The splitting headaches began when smoke from wildfires rolled in around Tim Hunt’s suburban Seattle home. Next came a debilitating fatigue.
As deadly wildfires rage across the U.S. West, Hunt and others are struggling with some of the world’s worst air pollution.
|Headaches and hospital visits as wildfire smoke blankets the U.S. West
“I get out of bed to eat and drink water, and go back to bed,” said the 64-year-old retired software engineer, who suffered lung damage in 2017 from a bad case of the flu. “It’s like there’s not enough oxygen in the air.”
Enormous plumes of ash and smoke have spread from the region, where nearly 5 million acres were ablaze on Tuesday, compounding the public health crisis of the coronavirus pandemic.
In California, levels of lung-polluting particulate matter have jumped far beyond the summertime norm, bathing skies in eerie tones of orange and sepia.
Hospitals in hard-hit Oregon report a 10% increase in emergency room visits for breathing problems. Doctors are being inundated with calls from worried patients.
“It’s really putting a burden on our asthmatic patients,” said Dr. Paul Williams, an allergy and immunology specialist in Everett, Washington. “They’re calling us more often and they’re requiring additional medications.”
Air pollution, in the case of wildfire measured by the amount of fine particulate matter swirling in the air, is considered a serious health hazard linked to diseases including asthma, lung cancer, heart disease and early death.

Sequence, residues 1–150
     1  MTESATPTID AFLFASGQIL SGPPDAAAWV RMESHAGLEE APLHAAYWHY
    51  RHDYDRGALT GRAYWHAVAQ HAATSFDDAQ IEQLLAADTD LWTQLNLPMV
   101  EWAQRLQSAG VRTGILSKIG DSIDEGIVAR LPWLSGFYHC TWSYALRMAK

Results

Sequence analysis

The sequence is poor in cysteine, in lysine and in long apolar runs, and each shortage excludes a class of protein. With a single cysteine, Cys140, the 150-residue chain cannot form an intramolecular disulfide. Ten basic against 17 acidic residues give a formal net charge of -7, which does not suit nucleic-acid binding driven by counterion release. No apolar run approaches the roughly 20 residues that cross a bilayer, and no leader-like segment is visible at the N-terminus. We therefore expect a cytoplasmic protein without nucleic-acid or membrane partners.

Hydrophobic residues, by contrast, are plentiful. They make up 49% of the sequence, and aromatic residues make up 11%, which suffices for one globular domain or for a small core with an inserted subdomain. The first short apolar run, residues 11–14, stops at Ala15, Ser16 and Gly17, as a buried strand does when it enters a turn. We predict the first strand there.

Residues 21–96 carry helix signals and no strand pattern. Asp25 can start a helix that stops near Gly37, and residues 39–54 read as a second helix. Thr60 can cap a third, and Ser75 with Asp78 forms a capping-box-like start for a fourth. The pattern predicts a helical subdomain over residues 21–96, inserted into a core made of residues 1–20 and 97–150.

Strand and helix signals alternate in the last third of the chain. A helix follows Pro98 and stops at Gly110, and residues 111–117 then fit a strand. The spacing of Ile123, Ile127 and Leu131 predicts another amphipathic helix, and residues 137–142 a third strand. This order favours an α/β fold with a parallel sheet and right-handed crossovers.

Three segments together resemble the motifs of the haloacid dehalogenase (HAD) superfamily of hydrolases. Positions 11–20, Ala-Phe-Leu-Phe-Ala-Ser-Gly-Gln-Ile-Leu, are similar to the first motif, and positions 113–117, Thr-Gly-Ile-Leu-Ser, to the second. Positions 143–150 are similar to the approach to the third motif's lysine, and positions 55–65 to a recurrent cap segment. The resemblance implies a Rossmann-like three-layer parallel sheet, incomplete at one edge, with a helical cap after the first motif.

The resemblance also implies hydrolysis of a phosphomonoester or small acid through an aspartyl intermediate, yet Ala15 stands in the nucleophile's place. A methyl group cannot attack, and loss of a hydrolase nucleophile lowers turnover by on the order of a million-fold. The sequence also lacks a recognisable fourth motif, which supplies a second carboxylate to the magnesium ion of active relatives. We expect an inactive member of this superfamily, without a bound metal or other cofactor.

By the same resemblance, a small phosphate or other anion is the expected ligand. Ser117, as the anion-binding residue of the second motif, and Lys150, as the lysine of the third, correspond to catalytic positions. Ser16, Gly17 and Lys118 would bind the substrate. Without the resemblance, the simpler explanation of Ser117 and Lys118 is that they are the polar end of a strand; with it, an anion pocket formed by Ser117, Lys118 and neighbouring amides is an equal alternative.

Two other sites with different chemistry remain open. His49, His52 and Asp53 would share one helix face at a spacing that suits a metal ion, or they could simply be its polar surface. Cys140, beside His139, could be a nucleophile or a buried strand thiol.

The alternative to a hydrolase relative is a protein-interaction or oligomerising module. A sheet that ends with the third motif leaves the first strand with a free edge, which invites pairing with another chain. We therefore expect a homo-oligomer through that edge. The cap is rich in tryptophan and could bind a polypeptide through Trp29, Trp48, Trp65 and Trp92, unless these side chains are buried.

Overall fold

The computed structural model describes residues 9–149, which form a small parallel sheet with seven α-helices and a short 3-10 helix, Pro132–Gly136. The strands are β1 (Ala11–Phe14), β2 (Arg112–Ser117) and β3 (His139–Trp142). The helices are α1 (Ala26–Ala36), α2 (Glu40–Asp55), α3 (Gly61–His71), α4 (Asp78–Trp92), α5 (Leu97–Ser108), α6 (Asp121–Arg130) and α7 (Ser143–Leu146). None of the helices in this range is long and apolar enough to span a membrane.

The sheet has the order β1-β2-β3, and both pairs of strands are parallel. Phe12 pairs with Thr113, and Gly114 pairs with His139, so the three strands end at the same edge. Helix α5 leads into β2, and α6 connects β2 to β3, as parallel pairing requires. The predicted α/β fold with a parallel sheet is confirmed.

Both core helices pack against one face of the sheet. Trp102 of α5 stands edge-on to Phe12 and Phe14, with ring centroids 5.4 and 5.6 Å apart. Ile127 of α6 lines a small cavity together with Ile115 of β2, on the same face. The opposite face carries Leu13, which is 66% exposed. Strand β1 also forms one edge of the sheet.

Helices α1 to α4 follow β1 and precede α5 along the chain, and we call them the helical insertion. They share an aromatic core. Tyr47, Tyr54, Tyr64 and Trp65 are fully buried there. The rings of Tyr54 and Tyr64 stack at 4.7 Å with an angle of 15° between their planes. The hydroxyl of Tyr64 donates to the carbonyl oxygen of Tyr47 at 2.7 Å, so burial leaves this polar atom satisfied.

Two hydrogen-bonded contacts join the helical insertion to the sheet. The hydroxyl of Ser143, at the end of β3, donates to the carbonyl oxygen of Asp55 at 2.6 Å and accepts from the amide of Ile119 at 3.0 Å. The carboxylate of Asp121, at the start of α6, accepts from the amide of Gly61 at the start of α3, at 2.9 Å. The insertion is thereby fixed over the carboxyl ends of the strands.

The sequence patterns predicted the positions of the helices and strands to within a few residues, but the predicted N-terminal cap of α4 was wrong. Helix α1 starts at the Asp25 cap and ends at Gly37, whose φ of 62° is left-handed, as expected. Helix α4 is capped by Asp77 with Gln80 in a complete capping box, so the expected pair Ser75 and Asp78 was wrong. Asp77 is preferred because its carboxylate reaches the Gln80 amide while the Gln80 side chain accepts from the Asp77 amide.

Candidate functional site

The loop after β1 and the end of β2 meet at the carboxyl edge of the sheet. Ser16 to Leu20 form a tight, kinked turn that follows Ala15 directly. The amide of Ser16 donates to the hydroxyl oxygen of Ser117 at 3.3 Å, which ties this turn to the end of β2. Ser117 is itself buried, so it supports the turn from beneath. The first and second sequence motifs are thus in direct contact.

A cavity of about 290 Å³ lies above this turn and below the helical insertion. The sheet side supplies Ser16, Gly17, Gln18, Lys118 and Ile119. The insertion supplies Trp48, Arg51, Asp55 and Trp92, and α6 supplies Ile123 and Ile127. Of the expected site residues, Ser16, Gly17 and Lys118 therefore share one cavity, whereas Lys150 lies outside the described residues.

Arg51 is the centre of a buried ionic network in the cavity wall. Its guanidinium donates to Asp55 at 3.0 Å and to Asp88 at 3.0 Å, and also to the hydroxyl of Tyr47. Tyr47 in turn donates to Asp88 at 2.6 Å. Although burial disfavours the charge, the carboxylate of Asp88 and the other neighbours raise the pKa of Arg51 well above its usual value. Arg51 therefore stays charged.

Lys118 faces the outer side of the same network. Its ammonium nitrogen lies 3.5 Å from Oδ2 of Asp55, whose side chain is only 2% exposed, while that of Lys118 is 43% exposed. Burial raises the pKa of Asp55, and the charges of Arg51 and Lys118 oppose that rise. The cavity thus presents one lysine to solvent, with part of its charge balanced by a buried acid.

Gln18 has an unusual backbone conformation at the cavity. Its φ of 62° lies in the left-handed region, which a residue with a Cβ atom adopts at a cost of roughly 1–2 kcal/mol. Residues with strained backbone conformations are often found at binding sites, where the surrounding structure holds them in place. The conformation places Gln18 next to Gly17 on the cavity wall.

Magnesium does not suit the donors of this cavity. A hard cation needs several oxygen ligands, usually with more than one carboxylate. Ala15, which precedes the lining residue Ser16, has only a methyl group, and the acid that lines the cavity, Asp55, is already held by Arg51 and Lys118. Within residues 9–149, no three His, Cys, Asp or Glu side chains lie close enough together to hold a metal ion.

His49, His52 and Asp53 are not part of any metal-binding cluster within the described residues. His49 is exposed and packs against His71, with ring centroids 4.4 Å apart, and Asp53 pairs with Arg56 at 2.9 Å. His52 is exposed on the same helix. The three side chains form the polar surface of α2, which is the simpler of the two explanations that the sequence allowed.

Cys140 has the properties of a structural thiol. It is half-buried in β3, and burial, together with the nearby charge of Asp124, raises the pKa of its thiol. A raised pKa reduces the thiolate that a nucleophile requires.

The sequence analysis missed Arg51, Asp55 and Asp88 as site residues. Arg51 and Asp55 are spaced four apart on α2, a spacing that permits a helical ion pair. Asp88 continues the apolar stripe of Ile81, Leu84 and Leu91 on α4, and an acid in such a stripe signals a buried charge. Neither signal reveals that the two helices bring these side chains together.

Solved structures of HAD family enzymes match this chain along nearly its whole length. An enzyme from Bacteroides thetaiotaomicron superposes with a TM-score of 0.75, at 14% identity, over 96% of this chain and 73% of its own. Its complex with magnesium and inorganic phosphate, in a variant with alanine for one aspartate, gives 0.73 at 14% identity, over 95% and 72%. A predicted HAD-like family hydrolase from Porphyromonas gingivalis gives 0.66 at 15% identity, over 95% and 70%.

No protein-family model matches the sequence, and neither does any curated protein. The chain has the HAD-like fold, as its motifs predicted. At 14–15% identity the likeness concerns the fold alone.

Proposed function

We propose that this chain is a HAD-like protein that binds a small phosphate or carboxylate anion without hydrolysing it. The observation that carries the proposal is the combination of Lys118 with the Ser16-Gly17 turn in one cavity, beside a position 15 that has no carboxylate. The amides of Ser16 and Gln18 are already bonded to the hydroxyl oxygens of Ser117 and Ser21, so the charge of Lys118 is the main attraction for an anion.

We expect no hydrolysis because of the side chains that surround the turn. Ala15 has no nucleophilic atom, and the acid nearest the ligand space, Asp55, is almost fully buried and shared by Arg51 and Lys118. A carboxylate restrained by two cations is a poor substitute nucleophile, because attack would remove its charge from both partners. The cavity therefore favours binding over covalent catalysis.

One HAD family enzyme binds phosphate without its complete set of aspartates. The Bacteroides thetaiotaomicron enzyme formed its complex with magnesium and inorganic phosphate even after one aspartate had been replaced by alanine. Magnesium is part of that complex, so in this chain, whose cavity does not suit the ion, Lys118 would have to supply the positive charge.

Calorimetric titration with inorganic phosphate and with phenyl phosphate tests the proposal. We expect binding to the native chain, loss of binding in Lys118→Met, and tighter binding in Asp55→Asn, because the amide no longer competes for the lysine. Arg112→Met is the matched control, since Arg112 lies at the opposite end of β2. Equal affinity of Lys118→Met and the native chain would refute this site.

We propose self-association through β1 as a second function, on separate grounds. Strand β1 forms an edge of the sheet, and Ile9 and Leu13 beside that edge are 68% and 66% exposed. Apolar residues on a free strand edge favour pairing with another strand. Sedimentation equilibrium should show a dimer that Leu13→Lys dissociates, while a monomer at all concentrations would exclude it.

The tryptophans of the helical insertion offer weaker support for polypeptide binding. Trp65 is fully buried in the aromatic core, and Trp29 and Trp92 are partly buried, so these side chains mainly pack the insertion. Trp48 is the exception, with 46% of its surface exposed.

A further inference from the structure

Pollution has hit historic levels in five Oregon cities - Portland, Eugene, Bend, Medford and Klamath Falls, the state said Tuesday.
“I can’t see out my window past two cars,” said Dr. Gopal Allada, a pulmonologist who teaches at Oregon Health & Science University School of Medicine. Allada’s office is swamped with calls from patients experiencing breathing problems and asking for advice on what to do about symptoms that include coughing, wheezing, throat irritation, headache and racing heartbeat.
“We’re just trying to field the calls,” Allada said. “I would have loved to have had more people answering phones.”
In Washington where Hunt lives, the air quality on Tuesday ranged from unhealthy to hazardous at every site monitored by the state.
Residents were stuffing towels in door cracks or sleeping in face masks to cope.
Particulate matter smaller than 2.5 micrometers, known as PM2.5, is the key measure for harmful air pollution. The particles are smaller than the width of a human hair, small enough to burrow deep into a person’s lungs and even find its way into the bloodstream.Reuters